June 25, 2000: It came to him all at once in a sleep deprived haze. After an inter-continental flight from Cambridge to California, followed by a day of spirited debate at an invitation-only conference, de Grey lie awake at 4 AM in his Manhattan Beach hotel room, his mind a swirling turbine of frustration. In between brief moments of fitful sleep a vague notion began to form edges. So much focus was on trying to understand metabolism in order to prevent the corrosive damage of aging, but what if we focused on the damage itself. This single change in strategy, what de Grey calls his “Eureka Moment”, was the incandescent clarity he needed to take the next step.
As it has been unraveled, human metabolism has presented itself as a vastly interwoven network of biblical complexity. In all its subtle perturbations and branching pathways de Grey was not alone in wondering if it was even fully understandable. The overwhelming majority of the anti-aging effort centered on trying to tweak metabolic pathways hoping to slow the damage of aging---a strategy that, because it attempts to blunt the cause of aging, has strong intuitive appeal to most gerontologists. But de Grey realized this strategy would only, could only, go so far. The damage caused by normal metabolism was deeply anchored—it was a side-effect of being alive---it could never be completely controlled without killing the object. And truth be told, the attempt, for the most part, was largely meaningless. The difference between the healthiest country (Japan) and the 14th (United States) in terms of longevity is only 4 years. The only consistently proven way to extend lifespan was caloric restriction. And the most bang-for-the-buck from caloric restriction occurred in short-lived species like mice---a lifetime of denial for humans probably would only net a few more years---hardly worth it.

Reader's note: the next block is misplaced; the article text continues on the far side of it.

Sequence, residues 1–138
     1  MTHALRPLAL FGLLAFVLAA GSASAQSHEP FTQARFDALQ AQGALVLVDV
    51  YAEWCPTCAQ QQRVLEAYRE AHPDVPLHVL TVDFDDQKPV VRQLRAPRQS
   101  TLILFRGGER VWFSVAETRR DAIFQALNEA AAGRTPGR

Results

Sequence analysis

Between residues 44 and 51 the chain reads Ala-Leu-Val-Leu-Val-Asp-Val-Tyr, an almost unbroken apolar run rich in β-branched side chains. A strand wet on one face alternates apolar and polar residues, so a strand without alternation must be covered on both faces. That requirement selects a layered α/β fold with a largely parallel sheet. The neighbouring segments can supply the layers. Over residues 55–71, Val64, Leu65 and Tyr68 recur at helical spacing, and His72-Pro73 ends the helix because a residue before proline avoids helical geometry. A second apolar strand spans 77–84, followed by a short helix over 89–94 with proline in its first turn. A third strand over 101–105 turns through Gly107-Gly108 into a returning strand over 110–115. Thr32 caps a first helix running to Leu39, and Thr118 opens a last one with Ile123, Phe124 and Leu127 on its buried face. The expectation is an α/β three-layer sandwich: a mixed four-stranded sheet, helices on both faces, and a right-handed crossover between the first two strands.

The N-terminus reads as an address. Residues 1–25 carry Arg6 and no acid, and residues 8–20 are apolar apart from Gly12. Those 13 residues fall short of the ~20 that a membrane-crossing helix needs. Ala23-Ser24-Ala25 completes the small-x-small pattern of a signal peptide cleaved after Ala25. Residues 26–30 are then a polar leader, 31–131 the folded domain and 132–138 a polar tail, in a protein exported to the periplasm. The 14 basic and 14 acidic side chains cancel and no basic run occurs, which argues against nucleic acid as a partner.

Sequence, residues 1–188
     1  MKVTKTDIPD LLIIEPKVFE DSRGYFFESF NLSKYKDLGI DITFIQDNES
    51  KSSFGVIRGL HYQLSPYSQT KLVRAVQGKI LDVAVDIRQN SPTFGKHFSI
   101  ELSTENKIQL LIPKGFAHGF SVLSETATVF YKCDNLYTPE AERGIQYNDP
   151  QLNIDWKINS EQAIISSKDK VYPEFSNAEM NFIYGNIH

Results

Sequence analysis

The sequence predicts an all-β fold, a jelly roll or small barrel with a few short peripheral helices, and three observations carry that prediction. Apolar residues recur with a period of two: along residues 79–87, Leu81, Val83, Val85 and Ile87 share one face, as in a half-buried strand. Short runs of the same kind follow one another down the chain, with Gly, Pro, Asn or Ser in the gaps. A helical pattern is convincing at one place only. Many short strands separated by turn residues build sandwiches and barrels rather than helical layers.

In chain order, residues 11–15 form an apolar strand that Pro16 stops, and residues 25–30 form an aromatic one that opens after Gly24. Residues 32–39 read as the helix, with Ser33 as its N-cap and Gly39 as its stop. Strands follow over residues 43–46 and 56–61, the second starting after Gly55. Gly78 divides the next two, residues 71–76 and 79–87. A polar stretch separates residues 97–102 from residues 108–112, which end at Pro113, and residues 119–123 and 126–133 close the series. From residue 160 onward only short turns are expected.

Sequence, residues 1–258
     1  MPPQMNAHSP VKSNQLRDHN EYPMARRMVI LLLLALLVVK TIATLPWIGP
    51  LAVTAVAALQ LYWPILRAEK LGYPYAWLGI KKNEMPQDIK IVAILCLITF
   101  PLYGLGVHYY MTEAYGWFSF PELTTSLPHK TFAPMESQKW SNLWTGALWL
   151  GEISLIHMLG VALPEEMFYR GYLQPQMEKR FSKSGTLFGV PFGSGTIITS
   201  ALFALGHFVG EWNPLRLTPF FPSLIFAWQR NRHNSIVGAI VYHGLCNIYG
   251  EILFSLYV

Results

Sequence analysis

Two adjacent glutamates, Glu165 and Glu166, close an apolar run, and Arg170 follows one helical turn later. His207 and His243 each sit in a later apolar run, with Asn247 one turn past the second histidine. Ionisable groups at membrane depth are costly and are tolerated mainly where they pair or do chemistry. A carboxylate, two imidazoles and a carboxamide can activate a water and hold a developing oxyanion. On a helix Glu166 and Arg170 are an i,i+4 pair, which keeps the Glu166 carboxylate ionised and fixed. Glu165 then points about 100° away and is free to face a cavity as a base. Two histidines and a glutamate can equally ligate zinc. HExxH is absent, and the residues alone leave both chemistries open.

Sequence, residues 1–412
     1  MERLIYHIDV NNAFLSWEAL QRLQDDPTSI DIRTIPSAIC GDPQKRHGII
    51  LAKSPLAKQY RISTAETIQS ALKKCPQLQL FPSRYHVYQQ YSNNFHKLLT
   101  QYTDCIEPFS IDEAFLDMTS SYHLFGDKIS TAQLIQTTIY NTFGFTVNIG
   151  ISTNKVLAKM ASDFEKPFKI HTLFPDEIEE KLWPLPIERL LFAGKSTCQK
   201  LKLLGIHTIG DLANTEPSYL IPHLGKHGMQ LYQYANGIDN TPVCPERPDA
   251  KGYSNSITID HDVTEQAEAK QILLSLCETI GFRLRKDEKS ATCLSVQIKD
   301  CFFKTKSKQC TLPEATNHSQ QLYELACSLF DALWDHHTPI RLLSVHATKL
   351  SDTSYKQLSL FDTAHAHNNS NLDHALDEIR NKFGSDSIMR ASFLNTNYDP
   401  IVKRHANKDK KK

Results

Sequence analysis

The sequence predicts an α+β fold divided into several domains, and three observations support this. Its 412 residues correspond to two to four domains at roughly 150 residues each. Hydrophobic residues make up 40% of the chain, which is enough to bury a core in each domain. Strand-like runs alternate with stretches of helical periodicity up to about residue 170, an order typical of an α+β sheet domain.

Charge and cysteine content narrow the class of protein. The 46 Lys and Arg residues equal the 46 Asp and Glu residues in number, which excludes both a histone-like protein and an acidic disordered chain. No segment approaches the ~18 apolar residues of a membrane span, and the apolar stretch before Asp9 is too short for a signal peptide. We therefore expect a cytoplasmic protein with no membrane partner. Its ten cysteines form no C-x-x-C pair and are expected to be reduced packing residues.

But inside the exhilarating moments of his hotel-room epiphany de Grey realized he could completely side-step the staggering complexity of human metabolism and the meager results of caloric restriction type interventions. The whole concept, de Grey reasoned, was comparable to everyday experience---like maintaining a house. Rather than try to stop the inevitable forces of sun, wind, and rain that degrade a structure overtime, just repair the damage as it occurs and the structure can stand forever. The change in strategy, de Grey realized, was a paradigm shift. The frustration born from trying to parse the complex forces of aging was, in a single stroke, swept away by redefining the problem. This changes everything, he thought.
Invigorated, de Grey shot out of bed and began pacing in his hotel room while stroking his prodigious beard. He began to create a mental list of the types of damage that accumulate with age. He whittled it down to seven: 1. Chromosomal mutations. 2. Glycation: the warping of proteins by glucose. 3. The accumulation of extracellular junk: like beta-amyloid. 4. The accumulation of intracellular junk: like lipofuscin—or age spots. 5. Cellular senescence: cells stuck in a sort of suspended animation while releasing toxins. 6. Depletion of stem cell pools. 7. Mitochondrial mutations.
As he continued to pace it dawned on de Grey that various degrees of promising research were well underway for “fixes” to the seven forms of damage. The seemly impossible dream to drastically prolong human health was within reach.
With the path before him laid out, and to put additional thrust behind the research to repair the damage of aging, de Grey and David Gobel founded the Methuselah Foundation in 2003, and later spun off the SENS foundation in March of 2009. The mission stated on the website: “Our goal is to help build the industry that will cure the diseases of aging.”
De Greys 2007 book, Ending Aging, lays out the plan to counter each of the seven forms of damage. Indeed they are not subtle; but instead are an unapologetic, wholesale attempt to reengineer the human body. For example, to combat the consistent mitochondrial DNA mutations that occur as a side effect of normal metabolic free radical generation (something that antioxidants will never be able to do) de Grey proposes putting extra copies of mitochondrial DNA within the nucleus where it would be protected—a process called allotropic expression that has already shown itself to be possible.